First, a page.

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U.S. curbs Iranian regime’s weapons ambitions
August 31, 2020

Iran’s Islamic Revolutionary Guard Corps recently fired missiles at a mock target in the Strait of Hormuz, seen in footage aired on state television. (© Sepahnews/AP Images)

The U.S. is taking action against the Iranian regime’s weapons programs to stop it from spreading violence across the Middle East and beyond.

U.S. Secretary of State Michael R. Pompeo recently announced new sanctions blocking trade with Iran in certain metals that support the regime’s weapons programs. The U.S. has also moved to extend the United Nations advanced conventional weapons embargo against Iran and seized numerous shipments of weapons headed to fighters in Yemen.

“Iran’s nuclear, ballistic missile, and military programs pose a grave threat to international peace and security,” Pompeo said July 30, announcing the new sanctions targeting 22 specific metals, including multiple types of aluminum, copper and steel.

He noted that the Iranian regime’s Islamic Revolutionary Guard Corps controls the nation’s construction sector, necessitating restrictions on metals. The IRGC, a U.S.-designated terrorist group, is also under U.N. sanctions for building a uranium enrichment facility at Fordow that could support the regime’s nuclear weapons program.

“Any knowing transfer of certain materials, including graphite or raw or semi-finished metals, to or from Iran to be used in connection with the construction sector of Iran remains sanctionable,” Pompeo said.

The metals sanctions are part of a broad U.S. campaign to compel Iran’s regime to scrap its nuclear weapons ambitions, to stop funding terrorism abroad and to spend resources at home providing for its people instead.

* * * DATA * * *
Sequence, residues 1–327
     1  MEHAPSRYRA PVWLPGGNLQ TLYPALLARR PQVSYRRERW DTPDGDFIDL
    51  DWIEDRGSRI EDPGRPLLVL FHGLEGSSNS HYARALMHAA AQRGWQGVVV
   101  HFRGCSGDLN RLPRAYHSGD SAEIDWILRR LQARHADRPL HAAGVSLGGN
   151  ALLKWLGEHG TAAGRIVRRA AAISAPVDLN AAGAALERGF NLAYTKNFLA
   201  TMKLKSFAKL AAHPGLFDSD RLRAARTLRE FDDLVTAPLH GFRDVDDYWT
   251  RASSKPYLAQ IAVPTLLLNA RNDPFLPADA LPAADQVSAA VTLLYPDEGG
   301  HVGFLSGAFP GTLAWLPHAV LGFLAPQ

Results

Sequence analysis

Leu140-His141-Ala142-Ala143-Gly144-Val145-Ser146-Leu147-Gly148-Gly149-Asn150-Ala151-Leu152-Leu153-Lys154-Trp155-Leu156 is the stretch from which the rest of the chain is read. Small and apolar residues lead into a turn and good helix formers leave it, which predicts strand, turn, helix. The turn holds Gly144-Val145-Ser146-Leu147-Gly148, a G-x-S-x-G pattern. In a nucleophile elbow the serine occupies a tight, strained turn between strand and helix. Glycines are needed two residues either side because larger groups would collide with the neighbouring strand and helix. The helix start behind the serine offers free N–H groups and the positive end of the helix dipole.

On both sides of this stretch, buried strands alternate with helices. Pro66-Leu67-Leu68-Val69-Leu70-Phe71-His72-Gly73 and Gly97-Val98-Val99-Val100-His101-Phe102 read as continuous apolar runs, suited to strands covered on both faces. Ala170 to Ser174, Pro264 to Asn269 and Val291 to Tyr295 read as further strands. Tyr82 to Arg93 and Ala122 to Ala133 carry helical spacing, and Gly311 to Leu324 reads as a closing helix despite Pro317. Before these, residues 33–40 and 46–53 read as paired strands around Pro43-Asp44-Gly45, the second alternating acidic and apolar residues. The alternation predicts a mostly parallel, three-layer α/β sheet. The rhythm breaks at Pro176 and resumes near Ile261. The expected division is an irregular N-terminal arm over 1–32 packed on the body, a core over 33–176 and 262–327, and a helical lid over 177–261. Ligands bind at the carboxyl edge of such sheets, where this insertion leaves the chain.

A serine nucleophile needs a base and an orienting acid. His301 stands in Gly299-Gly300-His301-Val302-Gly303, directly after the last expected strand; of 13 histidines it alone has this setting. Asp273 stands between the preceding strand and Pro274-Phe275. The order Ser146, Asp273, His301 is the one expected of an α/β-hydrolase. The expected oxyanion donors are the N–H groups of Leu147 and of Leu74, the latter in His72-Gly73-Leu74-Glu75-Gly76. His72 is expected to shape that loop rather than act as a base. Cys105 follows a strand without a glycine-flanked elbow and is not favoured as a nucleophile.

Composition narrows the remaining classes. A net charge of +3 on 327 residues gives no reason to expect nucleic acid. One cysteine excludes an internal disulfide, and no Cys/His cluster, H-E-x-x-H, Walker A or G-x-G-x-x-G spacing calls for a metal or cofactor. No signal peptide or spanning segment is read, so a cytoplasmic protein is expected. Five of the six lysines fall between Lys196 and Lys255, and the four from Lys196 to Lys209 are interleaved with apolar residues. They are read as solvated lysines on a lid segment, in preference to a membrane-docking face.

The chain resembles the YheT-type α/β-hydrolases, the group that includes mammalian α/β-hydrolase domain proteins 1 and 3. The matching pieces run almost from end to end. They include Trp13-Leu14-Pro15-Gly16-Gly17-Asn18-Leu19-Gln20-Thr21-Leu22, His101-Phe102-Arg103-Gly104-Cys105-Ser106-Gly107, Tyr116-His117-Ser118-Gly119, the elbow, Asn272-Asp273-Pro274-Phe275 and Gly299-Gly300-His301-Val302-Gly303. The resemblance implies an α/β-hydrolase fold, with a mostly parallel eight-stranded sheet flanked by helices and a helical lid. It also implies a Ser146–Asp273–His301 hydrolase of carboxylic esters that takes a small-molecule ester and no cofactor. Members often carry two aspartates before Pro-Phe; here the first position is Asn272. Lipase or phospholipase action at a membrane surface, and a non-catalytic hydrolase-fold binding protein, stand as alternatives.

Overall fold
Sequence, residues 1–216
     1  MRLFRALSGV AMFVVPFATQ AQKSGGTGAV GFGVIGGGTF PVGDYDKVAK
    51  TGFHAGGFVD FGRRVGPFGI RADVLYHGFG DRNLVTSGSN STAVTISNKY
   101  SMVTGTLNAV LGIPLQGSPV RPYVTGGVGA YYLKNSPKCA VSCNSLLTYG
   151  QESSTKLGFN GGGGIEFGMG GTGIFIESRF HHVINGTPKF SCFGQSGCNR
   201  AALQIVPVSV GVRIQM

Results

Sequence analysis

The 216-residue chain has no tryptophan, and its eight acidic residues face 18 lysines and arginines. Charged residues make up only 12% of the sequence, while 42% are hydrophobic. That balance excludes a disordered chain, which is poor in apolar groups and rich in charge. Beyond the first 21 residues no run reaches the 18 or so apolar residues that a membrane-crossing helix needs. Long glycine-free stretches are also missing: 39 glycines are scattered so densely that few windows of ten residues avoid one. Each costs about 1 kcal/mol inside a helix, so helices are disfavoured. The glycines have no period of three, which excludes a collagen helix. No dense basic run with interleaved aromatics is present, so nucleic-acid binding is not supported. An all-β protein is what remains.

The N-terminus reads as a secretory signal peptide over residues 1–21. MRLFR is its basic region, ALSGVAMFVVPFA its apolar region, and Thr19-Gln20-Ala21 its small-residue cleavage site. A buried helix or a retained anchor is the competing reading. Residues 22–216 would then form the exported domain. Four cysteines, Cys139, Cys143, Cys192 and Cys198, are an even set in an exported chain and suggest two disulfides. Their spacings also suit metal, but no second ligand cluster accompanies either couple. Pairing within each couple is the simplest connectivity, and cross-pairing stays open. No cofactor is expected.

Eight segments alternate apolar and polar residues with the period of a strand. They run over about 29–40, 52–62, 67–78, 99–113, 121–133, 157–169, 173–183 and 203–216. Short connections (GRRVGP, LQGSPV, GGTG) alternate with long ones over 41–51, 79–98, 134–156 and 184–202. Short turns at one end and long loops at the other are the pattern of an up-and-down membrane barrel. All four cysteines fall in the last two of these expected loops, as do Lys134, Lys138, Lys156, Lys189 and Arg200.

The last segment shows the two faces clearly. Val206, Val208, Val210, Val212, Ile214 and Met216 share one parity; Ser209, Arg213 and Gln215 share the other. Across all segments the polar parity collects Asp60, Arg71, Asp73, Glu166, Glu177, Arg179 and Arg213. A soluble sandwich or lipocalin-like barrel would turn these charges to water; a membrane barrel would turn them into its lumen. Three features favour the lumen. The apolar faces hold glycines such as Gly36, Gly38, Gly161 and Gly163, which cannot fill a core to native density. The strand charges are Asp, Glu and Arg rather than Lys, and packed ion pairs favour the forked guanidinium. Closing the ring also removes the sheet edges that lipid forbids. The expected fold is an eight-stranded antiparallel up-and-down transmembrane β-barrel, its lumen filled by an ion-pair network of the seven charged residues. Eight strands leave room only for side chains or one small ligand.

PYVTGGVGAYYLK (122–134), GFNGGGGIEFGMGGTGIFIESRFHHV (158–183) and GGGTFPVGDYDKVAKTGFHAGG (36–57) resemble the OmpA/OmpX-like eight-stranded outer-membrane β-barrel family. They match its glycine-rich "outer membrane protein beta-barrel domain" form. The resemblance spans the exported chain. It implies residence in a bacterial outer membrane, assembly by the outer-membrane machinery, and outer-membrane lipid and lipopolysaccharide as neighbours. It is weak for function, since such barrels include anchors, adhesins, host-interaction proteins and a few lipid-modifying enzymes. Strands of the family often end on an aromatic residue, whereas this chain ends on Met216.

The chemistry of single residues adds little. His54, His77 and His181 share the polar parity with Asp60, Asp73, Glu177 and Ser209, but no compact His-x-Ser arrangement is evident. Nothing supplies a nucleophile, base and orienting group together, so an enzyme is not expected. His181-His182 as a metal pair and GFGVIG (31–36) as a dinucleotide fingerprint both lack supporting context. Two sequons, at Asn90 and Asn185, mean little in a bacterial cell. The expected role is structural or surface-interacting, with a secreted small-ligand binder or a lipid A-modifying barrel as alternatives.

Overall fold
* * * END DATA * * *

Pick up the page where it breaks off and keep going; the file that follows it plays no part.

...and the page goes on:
Pompeo announced on August 20 that the U.S. would use its authority in U.N. Resolution 2231 to reimpose U.N. sanctions against Iran, including extending a 13-year embargo on the regime’s dealing in advanced weapon systems. The embargo was set to expire in October.

The U.S. also has seized weapons headed to Houthi forces in Yemen, shipped in violation of U.N. Security Council resolutions. The U.N. has confirmed that weapons, including anti-tank and surface-to-air missiles, seized off the coast of Yemen in November 2019 and February 2020 came from Iran.

The U.S. seized an additional weapons shipment headed to Yemen in June, including 200 rocket-propelled grenades and more missiles.

Meanwhile, the U.S. Department of the Treasury on August 19 designated two companies and an Iranian national for supplying aircraft parts to Mahan Air, a warning to the aviation industry against supporting the IRGC airline, which transports weapons and foments violence.

The designations of Parthia Cargo and Delta Parts Supply FZC, based in the United Arab Emirates, and Amin Mahdavi, owner of Parthia Cargo, freeze these companies’ assets in the U.S. and preclude dealings with U.S. entities.

“The Iranian regime uses Mahan Air as a tool to spread its destabilizing agenda around the world, including to the corrupt regimes in Syria and Venezuela, as well as terrorist groups throughout the Middle East,” said Treasury Secretary Steven T. Mnuchin on August 19.